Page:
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Prakash B.N.,Institute of Ayurveda and Integrative Medicine I AIM | Unnikrishnan P.M.,Institute of Ayurveda and Integrative Medicine I AIM
Ethnobotany Research and Applications | Year: 2013

Herbs used by traditional healers for malaria management were documented in the Tumkur district of Karnataka, India. In total, 31 species of plants in 20 families were used. Thirty percent of the herbal remedies contained species in only three plant families: Fabaceae, Piperaceae, and Zingiberaceae. Leaves were the most commonly used plant part (29%). Eight plant species used in the study area were documented for the first time for their use in the treatment of malaria. Ethnomedical and antiplasmodial activity of documented species was assessed by comparison with published literature. Source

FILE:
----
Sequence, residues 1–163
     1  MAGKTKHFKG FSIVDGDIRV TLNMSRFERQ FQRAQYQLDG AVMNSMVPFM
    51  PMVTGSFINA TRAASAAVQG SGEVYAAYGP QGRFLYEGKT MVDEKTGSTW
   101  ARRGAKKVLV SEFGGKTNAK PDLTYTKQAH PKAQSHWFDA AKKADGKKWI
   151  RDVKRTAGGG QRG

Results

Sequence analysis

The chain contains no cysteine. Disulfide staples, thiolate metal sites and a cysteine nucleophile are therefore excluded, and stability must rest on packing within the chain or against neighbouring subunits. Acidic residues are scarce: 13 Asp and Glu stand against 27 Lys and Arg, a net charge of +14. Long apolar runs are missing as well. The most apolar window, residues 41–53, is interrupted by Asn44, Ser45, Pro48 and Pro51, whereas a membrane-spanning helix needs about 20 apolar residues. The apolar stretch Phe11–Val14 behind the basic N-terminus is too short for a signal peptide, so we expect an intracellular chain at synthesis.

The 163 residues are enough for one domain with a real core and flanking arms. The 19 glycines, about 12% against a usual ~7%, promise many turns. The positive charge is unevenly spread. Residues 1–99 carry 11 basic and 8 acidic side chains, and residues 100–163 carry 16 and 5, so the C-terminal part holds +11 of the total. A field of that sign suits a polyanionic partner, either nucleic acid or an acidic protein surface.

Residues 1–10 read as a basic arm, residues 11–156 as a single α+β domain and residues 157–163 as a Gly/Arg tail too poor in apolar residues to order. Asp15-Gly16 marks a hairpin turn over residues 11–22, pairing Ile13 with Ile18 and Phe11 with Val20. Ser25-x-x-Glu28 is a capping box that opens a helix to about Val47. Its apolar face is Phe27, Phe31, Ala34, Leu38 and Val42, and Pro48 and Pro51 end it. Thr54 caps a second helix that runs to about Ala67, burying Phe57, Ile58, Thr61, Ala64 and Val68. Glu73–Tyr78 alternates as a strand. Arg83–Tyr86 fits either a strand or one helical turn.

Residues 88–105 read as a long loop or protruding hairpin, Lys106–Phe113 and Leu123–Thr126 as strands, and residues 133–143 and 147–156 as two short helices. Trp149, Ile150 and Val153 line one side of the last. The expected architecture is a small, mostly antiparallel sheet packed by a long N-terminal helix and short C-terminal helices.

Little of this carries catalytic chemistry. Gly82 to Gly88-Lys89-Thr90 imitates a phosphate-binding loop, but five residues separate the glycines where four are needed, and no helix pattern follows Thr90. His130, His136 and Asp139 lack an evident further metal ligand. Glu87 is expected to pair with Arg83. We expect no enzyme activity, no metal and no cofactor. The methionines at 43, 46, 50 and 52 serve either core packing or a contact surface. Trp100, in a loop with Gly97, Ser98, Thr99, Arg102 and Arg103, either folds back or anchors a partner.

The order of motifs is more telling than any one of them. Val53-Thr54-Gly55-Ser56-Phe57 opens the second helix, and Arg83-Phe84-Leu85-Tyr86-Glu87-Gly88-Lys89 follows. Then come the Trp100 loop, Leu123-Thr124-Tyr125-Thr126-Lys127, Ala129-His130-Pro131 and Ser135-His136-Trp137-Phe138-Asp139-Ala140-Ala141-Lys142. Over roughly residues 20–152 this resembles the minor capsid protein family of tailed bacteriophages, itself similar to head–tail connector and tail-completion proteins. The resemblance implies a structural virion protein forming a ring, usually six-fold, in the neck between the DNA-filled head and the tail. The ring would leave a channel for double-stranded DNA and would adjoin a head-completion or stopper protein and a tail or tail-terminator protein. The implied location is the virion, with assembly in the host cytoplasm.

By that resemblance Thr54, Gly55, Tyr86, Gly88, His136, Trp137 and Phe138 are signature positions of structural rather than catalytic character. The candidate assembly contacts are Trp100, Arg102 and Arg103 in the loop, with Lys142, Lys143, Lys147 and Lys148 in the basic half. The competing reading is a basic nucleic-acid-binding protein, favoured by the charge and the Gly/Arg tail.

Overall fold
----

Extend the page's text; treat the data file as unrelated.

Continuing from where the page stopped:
Seethapathy G.S.,Institute of Ayurveda and Integrative Medicine I AIM | Balasubramani S.P.,Institute of Ayurveda and Integrative Medicine I AIM | Venkatasubramanian P.,Institute of Ayurveda and Integrative Medicine I AIM
Food Chemistry | Year: 2014

To authenticate Ayurvedic medicinal plants Ativisha (Aconitum heterophyllum) and Musta (Cyperus rotundus) at the raw drug source and in prepared herbal products, nrDNA ITS sequence based SCAR markers were designed and validated spp.-specific SCAR primers gave amplicon of 415 bp and 134 bp, respectively, in authentic species. The SCAR primers (Cyr-FP and Cyr-RP) could identify tissue sample containing 750 μg to 4.76 mg/100 mg of Musta in complex mixtures of DNA extracted from commercial herbal drugs. Ativisha could not be identified through SCAR markers suggesting that authentic species may not been used to prepare herbal drugs despite its being labelled as one of the ingredients in formulations. Analysis of individual tubers of Ativisha and Musta assures the presence of admixtures in raw drug trade of Ativisha, indicates the need to monitor the basic raw material supply and concludes, supplying plant materials through cultivation to manufacturing industries can minimize the risks of adulteration. © 2013 Elsevier Ltd. All rights reserved. Source

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